1708 Jordan Lake Ave., Lake Odessa, Michigan 48849
I am 83 years of age and have had a great many years experience in operating steam boilers. I could give an account of several instances in which miraculous escapes from death or serious injuries were on record. I well remember a case which occurred way back in my school days.
I was born and reared on what was at that time known as one of the best dairy farms in Lenawee County, Mich. This farm, owned by my grandfather and located one mile east of Adrian city limits on the old Maumee Road, was known as Hamilton's Eastside Dairy. My father, N.A.S. Hamilton, owned and operated a milk route in the city over a period of 21 years. Many of the customers resided in the factory district at the east end of town. Therefore it was highly essential that the milk wagon leave the farm at an early hour in order to supply milk for the factory workers breakfast. At four o'clock every morning the alarm clock would jingle. All of us would pop out of bed and begin the days work. The routine schedule was for the milk wagon to pass under the first electric light in town at six o'clock. As there were no electric refrigerators at that early date, and as few people had ice boxes; we could not hold the nights milk over to the following morning. Therefore we must needs make two trips per day, a.m. and p.m. This was done during the warm summer days only.
One afternoon while riding my bicycle into the east end of town I heard a lady shouting to her neighbor. 'Orhm's Laundry has blown up.' I straightway increased my speed so as to view the situation. When bicycle and I reached the scene of the explosion, the fire department had the place roped off so as to keep people at a safe distance while they continued the work of rescuring the injured.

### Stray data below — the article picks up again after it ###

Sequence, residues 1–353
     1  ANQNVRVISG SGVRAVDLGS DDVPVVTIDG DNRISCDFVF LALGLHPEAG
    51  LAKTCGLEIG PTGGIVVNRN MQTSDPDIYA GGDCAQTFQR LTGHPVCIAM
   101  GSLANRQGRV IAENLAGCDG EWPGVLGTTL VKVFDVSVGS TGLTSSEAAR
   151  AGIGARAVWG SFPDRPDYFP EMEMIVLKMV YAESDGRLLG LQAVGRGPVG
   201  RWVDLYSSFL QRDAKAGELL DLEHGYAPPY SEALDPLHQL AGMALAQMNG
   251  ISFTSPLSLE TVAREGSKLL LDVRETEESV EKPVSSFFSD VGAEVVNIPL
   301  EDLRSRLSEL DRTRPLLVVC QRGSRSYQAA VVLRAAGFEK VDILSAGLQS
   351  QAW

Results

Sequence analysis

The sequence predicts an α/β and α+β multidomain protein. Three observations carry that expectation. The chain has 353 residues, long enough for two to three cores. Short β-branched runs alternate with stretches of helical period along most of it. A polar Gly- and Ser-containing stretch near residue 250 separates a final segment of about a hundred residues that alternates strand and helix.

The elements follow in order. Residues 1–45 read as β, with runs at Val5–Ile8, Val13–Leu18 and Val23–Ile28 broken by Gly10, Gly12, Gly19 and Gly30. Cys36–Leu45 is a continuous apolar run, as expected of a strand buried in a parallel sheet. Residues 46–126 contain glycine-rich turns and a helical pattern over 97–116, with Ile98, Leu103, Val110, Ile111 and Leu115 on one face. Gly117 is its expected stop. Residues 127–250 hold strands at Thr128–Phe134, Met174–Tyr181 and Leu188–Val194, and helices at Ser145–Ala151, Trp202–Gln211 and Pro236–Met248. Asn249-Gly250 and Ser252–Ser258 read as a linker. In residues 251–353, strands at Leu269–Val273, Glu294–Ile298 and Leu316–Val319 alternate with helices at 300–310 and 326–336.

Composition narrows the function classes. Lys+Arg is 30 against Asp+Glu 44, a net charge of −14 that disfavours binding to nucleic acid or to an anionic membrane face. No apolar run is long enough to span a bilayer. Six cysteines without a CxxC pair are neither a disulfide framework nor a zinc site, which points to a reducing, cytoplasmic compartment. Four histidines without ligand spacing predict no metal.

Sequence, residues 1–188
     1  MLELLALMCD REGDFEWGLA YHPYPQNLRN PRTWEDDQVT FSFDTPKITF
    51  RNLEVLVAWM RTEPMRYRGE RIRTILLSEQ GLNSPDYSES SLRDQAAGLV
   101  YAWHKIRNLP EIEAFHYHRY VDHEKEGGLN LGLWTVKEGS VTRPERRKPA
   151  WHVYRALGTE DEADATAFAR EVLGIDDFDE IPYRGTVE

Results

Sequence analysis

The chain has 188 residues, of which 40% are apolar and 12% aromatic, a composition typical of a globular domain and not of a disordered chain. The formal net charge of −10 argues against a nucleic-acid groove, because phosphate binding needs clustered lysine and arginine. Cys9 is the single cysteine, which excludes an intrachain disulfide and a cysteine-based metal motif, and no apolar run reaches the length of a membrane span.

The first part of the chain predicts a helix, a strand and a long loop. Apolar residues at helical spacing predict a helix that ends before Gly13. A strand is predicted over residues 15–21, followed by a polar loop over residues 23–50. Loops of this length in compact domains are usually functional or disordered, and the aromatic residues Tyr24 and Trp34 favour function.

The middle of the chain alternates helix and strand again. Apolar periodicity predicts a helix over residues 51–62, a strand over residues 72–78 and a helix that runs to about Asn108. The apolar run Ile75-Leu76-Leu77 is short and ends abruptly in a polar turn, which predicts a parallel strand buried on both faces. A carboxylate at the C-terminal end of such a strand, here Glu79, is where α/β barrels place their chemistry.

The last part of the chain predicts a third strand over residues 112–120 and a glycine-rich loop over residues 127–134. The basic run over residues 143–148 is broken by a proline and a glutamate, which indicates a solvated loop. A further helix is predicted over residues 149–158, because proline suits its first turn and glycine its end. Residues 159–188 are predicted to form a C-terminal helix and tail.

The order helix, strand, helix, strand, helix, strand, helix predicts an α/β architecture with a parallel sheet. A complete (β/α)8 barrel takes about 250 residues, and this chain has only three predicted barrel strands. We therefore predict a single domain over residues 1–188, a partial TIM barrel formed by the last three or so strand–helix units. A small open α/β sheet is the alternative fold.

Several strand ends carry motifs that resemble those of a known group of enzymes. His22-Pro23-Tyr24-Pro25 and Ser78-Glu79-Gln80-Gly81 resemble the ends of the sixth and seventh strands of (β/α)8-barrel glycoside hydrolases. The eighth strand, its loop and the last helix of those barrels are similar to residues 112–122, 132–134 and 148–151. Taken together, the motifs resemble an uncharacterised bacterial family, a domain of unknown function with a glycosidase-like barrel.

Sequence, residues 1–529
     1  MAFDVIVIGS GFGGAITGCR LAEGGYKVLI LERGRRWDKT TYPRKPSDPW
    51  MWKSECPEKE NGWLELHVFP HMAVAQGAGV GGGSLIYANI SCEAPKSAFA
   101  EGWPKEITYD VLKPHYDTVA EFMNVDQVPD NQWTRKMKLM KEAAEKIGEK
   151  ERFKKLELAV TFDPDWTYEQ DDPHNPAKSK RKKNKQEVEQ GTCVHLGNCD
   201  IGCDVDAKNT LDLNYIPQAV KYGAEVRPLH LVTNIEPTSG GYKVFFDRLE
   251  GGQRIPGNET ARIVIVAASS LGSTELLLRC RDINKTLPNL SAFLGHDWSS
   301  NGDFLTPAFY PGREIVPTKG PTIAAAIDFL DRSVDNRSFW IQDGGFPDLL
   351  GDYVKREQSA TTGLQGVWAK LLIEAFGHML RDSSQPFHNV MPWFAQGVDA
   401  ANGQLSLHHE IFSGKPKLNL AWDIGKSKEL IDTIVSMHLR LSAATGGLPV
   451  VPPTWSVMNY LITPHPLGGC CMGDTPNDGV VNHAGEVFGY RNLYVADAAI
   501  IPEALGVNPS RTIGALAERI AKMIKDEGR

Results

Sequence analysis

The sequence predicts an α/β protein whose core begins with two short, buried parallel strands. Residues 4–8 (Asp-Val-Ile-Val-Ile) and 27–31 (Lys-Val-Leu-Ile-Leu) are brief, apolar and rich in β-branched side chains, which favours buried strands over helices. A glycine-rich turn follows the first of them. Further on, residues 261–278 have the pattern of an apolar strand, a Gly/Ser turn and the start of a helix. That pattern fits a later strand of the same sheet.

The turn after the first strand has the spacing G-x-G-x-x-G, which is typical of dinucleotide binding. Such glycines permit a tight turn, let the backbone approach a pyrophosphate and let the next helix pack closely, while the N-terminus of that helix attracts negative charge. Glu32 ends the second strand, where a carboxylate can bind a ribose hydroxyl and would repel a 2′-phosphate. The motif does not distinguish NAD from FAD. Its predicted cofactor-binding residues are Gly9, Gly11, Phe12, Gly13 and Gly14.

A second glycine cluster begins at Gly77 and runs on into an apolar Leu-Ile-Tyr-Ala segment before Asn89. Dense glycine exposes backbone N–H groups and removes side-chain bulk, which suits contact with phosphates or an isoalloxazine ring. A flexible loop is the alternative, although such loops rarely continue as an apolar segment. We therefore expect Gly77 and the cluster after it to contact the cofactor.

The dome of the boiler was hurled skyward and when it returned to earth it created a large hole near the center of the brick pavement. Mr. Orhms 22 year old son was blown half way through a window with head and shoulders on the outside and the remainder on the inside. It seemed a miracle that he was not killed; but he did recover within a few weeks of time. There were no deaths on this occasion. All the six injured recovered within a few weeks. As there were saloons in that vicinity it was believed that the boiler operator had too much of the destructive element under his belt.
I would like, in another issue of this magazine, to relate other experiences I have had with steam boilers. There may be someone who would like to collect all my writings and write a book.
SHENANDOAH VALLEY STEAM ENGINE ASSOCIATION PLANS SHOW
By Mrs. Paul Giles, Berryville, Va.
The Shenandoah Valley Steam Engine Association held a dinner meeting on April 1, 1967, to elect new officers and plan their 1967 Show.
A steak dinner was enjoyed by 104 members, guests, and friends of the organization. A large number were present from nearby parts of Maryland., Pennsylvania, and West Virginia.
The 1967 officers elected were: President, Paul Giles; Vice President, Robert T. Reed; Secretary, Mrs. Alice God love; Treasurer, Russell Anderson.
The Shenandoah Valley Steam Engine Association had its beginnings in 1961. A Sunday afternoon show was held on the farm of the late Fred Stickley near Water lick, Virginia. Two or three engines participated.
Some area steam enthusiasts who participated in the early shows were Fred Stickley, Ralph Lewin, and Elmer Mowery.
The show has been held at Berryville since 1964. The spacious Horse Show Grounds, a mile west of Berryville, Virginia on Route 7, is an ideal place for the family to spend the day.
THE OLD STEAM ENGINE
by Einer H. Tostenson, Aug. 16, 1966 3609 - 24th Ave. So., Minneapolis, Minn. 55406
The old steam engine - was most fascinating-
More than any machine - of power, It put the USA - on it's feet-
And that - was it's finest hour.
It ran machinery - in the factory-
Hauled people on the rails, Helped speed up - communications-
By hauling . the US mails.
It drove ships - across the ocean-
And lessened - their time at sea, It ran everything - imaginable-
And was used - in the threshing bee.
The threshing engine - was really IT! When wet bundles - would
make it puff,
In turning the pulleys on the separator-
It really - did it's stuff.
Was loved - by all the kids - on the farm-
Who hung around - the engineers, They enjoyed the smell - of the burning coal-
And got smoke - in their eyes and ears.
The puff of the engine - was a sym phony-
To those good old farmer folk, And to keep enough water - for the boiler-
The water hauler - couldn't poke.
The gas tractor - pushed the steam engine out-
It - really - was - to good - to last, But there's still - some good old steamers around-
To remind us - of that - Golden Past.